In this section:
Previous Jodi award nominations have included accessible websites, virtual tours and films using digital technology. Click on an awardee for case-studies (from 2009) and details.
Category: 2011 International Award
The project brings together several exemplary qualities:
Sustainability and growth by adding one video with American Sign Language every month to its Blog. Such a commitment remains an exception today, yet this is a condition for Deaf people to enjoy choice and opportunity.
Learning and change. When the museum found out that free and easy-to-use sub-titling software (such as ‘universal sub-titles’) is available, it decided to begin to sub-title all its videos, widening access for people with a hearing loss. Few museums take this approach, which is inclusive of hard of hearing people, who represent the largest group of people with a disability.
The blogs are ‘mainstreamed’ into the Museum Video Blog collections, creating the beginnings of a truly inclusive resource. Multi-media platforms allow for customization and audio would be a fitting addition to build the inclusiveness of this rare collection.
This go-ahead work in progress has experimental character. It takes risks. It explores new ways of communicating complex cultural meanings to a community deprived of inclusive cultural opportunities. Evaluation findings of its innovative aspects will be of interest to everyone working on similar projects and to the sector as a whole.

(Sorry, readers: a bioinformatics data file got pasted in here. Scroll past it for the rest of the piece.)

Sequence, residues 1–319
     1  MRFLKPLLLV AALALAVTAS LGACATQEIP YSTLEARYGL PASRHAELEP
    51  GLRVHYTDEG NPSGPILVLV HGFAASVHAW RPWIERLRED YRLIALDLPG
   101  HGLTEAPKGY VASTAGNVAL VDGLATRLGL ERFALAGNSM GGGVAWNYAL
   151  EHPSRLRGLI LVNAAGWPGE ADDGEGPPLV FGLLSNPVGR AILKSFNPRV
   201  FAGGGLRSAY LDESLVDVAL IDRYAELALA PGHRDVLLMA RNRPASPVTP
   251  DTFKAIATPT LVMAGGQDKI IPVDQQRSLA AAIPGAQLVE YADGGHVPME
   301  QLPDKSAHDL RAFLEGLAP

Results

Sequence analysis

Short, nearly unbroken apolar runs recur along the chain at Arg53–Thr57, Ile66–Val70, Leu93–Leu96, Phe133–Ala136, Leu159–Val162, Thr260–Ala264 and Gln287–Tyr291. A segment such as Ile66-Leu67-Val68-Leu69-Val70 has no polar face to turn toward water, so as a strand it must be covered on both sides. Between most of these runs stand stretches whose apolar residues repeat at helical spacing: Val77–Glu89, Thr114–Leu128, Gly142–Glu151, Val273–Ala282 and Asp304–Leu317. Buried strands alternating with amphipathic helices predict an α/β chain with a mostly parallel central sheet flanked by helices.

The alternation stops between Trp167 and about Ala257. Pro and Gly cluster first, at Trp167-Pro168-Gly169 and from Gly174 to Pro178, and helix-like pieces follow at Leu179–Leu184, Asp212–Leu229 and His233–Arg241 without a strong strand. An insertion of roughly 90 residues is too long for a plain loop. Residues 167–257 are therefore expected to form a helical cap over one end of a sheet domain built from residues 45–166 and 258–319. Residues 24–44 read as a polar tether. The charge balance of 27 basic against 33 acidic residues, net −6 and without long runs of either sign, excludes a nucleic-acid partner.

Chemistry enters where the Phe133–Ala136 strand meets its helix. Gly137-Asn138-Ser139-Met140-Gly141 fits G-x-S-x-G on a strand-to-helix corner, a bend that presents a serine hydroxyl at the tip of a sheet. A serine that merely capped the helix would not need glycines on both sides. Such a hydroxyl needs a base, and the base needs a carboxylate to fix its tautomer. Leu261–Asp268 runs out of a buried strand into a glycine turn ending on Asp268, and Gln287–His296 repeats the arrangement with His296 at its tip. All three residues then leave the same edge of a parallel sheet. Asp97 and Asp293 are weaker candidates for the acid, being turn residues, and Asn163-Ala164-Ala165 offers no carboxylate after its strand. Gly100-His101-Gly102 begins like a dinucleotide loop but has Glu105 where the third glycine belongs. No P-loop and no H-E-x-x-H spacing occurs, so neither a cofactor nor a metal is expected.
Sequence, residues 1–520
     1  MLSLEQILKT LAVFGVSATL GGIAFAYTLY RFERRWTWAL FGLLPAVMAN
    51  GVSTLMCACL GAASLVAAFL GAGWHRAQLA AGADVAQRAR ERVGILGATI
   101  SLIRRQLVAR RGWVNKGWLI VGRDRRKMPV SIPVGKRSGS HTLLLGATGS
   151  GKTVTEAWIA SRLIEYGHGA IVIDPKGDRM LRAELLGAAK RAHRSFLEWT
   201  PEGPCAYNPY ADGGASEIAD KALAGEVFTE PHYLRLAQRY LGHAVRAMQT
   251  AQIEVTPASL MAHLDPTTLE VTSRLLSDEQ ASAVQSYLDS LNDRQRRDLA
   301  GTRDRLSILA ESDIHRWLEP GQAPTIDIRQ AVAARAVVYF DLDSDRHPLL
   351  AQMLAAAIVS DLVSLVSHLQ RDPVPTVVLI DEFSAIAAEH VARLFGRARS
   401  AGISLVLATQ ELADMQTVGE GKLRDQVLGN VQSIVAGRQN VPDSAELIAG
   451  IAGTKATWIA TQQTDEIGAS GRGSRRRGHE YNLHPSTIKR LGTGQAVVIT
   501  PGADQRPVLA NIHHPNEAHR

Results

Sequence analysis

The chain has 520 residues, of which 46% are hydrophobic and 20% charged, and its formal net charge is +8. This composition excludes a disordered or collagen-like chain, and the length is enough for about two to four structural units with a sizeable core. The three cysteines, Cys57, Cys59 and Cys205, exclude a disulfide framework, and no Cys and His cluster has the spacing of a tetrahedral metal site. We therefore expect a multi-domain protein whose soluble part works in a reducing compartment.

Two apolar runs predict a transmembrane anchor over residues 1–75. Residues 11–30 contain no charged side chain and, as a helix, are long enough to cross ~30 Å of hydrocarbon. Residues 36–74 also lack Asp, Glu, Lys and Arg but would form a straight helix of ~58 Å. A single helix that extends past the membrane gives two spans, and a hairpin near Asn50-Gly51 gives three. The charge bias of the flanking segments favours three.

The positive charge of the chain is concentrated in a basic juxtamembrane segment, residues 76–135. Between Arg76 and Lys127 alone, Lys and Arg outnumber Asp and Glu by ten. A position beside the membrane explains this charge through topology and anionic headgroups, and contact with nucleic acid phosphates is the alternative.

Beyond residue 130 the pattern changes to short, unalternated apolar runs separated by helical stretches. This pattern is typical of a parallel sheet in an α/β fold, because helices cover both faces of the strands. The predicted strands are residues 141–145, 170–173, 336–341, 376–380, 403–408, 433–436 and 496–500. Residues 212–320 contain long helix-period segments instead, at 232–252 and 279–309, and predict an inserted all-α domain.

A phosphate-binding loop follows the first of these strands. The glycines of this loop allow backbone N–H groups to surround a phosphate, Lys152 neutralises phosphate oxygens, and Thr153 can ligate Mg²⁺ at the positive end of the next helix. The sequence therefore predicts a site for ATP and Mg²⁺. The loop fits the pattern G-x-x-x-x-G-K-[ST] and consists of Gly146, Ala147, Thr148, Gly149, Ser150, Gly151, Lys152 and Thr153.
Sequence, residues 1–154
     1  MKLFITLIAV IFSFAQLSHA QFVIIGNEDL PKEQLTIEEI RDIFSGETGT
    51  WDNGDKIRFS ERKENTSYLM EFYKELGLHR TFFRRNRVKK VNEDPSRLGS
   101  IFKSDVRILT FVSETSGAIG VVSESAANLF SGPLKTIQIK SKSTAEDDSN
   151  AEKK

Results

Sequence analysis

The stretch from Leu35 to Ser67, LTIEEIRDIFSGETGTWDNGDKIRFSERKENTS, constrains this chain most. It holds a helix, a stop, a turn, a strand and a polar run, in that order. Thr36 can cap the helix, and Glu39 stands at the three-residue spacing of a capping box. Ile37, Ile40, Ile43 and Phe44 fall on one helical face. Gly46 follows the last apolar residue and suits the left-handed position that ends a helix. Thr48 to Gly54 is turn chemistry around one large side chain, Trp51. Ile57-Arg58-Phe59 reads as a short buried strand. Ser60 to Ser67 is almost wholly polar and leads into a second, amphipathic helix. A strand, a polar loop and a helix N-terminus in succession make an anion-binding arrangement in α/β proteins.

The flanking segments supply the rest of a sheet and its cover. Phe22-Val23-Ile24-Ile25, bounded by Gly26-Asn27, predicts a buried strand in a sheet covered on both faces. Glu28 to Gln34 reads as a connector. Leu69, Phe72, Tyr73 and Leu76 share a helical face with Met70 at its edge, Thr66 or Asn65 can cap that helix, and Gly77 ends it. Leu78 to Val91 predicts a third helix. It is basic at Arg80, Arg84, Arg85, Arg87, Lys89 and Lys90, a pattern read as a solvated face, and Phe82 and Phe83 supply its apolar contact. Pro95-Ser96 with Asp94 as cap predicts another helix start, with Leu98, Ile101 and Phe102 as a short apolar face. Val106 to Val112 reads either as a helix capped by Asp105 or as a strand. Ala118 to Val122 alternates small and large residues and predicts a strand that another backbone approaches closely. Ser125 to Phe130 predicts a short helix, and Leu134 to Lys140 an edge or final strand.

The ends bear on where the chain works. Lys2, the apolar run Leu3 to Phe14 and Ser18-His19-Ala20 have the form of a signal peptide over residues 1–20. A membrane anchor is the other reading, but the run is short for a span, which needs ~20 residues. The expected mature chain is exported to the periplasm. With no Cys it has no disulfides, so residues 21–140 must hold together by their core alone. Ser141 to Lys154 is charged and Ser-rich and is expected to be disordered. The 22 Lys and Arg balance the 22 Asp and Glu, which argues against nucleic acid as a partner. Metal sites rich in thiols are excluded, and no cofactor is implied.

There are limited opportunities available for Deaf audiences to access museums and art, especially through the use of their preferred mode of communication - American Sign Language (ASL).
The goal of these vlogs is to increase cultural opportunities for deaf and hard of hearing audiences and create a communications laboratory to expand the ASL vocabulary of contemporary art terms. Although it is a highly visual language, making full use of expression, gesture, and space, ASL lacks a robust vocabulary for describing art materials, techniques, and movements, and specialized terms must be spelled out.
Whitney Video Blogs (Vlogs) are original short videos featuring Deaf museum educators communicating in American Sign Language, focusing on topics in contemporary art or exhibitions on view at the Museum.
All videos are sub-titled. They are included in the museum’s online video collection – and some are among the most popular videos watches by all web visitors.